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February 14, 2013

CSU celebrates Year of the Snake

Faculty brings city togethr for Chinese New Year

By Patrick Elder

Chinese natives from all over the world flocked to their families this past weekend to celebrate the transition from the Year of the Dragon to the Year of the Snake, as another Chinese New Year comes and goes. Based on the Chinese lunar calendar, the Chinese New Year fell on Feb. 10 this year, but the celebrations will last for up to 15 days after the new year begins.

Year of the SnakeOne Chinese New Year celebration already took place at Cleveland State. This celebration, however, was not made up of the typical adherents to traditional Chinese holidays. No, it was a group of Chinese 102 students, experiencing for the first time the intricacies of the most important Chinese holiday.

“I always celebrate the Chinese New Year with my students,” said Qizhi Zhang, a Chinese language professor at Cleveland State. “Most students really enjoy it.”

Students were treated to traditional Chinese cuisine such as dumplings and rice cakes. While they ate they participated in a contest of chopstick skills and games of Mahjong and Go. They also received packets of “money” (actually chocolates in this case), as is customary to give to children in China.

“Chinese New Year is the best time for students to experience our culture,” Zhang said. “This is the only Chinese holiday that’s really celebrated in the United States.”

The Chinese-American Faculty and Staff Association (CAFSA), in partnership with the Confucius Institute of Cleveland State, will be putting on their own Chinese New Year celebration for the second year running.

The event, which will be held in the Student Center Ballroom on Saturday, Feb. 16, was very well received last year. Because of last year’s success, the two organizations are working together once again to put on a fun-filled evening.

“In previous years we had a very small banquet in a restaurant,” said Dr. Guowei Jian, president of CAFSA and associate professor of Communication. “Last year we thought this could be a good occasion for the whole community to celebrate, so we put together a successful event that attracted a lot of faculty members from other universities, such as Case Western, John Carroll and the Cleveland Clinic.”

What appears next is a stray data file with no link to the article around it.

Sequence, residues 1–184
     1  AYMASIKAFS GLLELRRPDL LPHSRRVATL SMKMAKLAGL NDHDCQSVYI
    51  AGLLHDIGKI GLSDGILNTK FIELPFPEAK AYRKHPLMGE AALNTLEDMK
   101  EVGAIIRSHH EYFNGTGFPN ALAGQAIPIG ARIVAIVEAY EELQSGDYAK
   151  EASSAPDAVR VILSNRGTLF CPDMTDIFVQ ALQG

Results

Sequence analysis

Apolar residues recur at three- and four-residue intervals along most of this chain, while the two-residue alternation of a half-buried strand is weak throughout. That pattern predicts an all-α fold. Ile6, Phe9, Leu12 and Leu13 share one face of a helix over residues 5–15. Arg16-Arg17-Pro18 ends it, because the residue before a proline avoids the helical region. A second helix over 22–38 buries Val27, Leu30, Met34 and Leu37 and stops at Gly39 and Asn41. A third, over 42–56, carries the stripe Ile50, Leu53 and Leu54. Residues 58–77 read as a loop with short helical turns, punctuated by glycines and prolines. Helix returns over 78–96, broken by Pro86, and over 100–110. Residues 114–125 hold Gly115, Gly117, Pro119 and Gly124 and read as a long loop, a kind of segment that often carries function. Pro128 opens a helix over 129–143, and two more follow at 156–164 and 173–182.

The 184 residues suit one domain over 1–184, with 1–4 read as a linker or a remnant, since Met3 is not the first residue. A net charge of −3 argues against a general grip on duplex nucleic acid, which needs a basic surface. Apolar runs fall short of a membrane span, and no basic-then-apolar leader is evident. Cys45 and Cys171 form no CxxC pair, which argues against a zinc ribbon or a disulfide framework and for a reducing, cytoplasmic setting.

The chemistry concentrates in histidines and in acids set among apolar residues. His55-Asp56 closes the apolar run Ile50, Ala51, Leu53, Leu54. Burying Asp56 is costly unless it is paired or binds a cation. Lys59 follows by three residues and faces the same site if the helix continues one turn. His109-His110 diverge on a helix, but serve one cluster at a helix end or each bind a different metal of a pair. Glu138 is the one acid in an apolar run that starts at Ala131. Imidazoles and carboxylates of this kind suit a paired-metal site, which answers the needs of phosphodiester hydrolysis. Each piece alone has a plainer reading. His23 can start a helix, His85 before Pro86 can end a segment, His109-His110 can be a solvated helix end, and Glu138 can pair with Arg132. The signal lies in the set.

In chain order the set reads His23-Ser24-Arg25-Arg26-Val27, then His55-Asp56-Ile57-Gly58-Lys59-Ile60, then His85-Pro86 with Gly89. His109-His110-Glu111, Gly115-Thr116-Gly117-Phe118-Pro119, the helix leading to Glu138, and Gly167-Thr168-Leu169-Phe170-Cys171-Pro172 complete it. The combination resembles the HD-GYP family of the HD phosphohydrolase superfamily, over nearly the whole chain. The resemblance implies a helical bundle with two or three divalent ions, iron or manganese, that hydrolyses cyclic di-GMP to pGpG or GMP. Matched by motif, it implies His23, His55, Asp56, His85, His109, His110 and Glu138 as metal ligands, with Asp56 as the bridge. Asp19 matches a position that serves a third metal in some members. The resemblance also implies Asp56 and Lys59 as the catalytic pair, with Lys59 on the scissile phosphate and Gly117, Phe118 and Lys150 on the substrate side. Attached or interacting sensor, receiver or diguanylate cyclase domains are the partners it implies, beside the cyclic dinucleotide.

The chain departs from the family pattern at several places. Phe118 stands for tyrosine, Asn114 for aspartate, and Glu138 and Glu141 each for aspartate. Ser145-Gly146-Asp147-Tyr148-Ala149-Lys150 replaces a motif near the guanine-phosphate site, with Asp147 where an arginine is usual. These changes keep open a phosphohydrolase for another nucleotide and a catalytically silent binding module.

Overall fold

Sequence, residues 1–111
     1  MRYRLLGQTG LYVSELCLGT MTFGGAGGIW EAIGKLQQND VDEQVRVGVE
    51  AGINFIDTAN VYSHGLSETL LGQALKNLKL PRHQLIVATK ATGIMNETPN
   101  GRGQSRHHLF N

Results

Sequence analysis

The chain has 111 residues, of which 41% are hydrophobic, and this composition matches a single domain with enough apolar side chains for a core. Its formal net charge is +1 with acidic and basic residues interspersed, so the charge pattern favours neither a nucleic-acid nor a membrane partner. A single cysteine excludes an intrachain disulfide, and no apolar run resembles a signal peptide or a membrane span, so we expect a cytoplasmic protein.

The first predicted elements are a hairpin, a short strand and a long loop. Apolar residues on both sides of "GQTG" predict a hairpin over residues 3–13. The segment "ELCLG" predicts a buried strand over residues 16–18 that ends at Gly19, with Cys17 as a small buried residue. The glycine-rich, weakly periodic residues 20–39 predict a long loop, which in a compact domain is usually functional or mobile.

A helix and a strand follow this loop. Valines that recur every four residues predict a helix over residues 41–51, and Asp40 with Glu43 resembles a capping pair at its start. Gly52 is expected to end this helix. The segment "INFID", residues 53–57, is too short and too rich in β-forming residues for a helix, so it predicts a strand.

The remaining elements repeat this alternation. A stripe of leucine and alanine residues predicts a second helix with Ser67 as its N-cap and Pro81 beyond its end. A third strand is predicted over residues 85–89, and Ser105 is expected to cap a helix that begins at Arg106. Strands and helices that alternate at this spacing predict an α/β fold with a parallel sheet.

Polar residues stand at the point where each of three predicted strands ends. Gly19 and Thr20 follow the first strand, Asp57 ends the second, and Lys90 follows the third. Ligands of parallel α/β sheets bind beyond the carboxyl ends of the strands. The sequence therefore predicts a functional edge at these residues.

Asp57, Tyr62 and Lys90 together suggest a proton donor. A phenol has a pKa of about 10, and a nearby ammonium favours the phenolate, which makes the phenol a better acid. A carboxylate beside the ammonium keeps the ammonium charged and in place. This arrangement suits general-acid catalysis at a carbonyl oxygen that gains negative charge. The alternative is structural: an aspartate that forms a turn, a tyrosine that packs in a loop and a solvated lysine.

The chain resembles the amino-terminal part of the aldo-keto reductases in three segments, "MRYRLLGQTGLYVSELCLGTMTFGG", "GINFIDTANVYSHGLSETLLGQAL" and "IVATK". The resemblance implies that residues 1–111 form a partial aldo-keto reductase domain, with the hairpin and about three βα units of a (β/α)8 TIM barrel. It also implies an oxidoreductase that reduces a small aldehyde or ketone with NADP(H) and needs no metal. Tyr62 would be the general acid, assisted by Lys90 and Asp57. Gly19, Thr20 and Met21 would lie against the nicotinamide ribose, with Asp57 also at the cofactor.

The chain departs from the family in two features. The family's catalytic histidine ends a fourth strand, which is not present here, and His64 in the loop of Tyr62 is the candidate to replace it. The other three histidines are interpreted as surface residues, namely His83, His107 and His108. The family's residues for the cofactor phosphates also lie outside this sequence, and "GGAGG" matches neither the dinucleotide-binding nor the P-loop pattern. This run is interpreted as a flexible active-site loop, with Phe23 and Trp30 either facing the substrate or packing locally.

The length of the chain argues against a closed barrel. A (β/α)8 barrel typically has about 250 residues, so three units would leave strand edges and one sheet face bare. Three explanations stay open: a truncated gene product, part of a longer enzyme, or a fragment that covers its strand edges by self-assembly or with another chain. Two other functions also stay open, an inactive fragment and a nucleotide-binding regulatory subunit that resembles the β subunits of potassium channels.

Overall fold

The event will begin with traditional Chinese cuisine, followed by performances from several talented Chinese-Americans, including Cleveland State’s own Angeline Chan, a Grammy award-winning musician.

“We are very fortunate,” Dr. Jian said. “They are very talented people. It will be a lot of fun.”

Other performers include a gymnastics and dance team of children who competed in state tournaments and a Kung Fu master and his students. After the performances will come an open dance session for all to participate in.

“My favorite part, I think, is the occasion to see everybody that I don’t often see throughout the year,” Dr. Jian said. “We live on this campus together, but we rarely see each other because we’re stuck in our offices or our classrooms, and are so busy with research and teaching and community work, and so on and so forth. So for many of us this is probably the only time we see each other and reconnect.”

In addition to the events and reunions, the Chinese New Year provides an opportunity for collaboration between universities.

“We have friends from other institutions outside of CSU, and that really creates so opportunities for collaboration on research and on grants,” Dr. Jian said. “So in that sense, it is both academic and social.”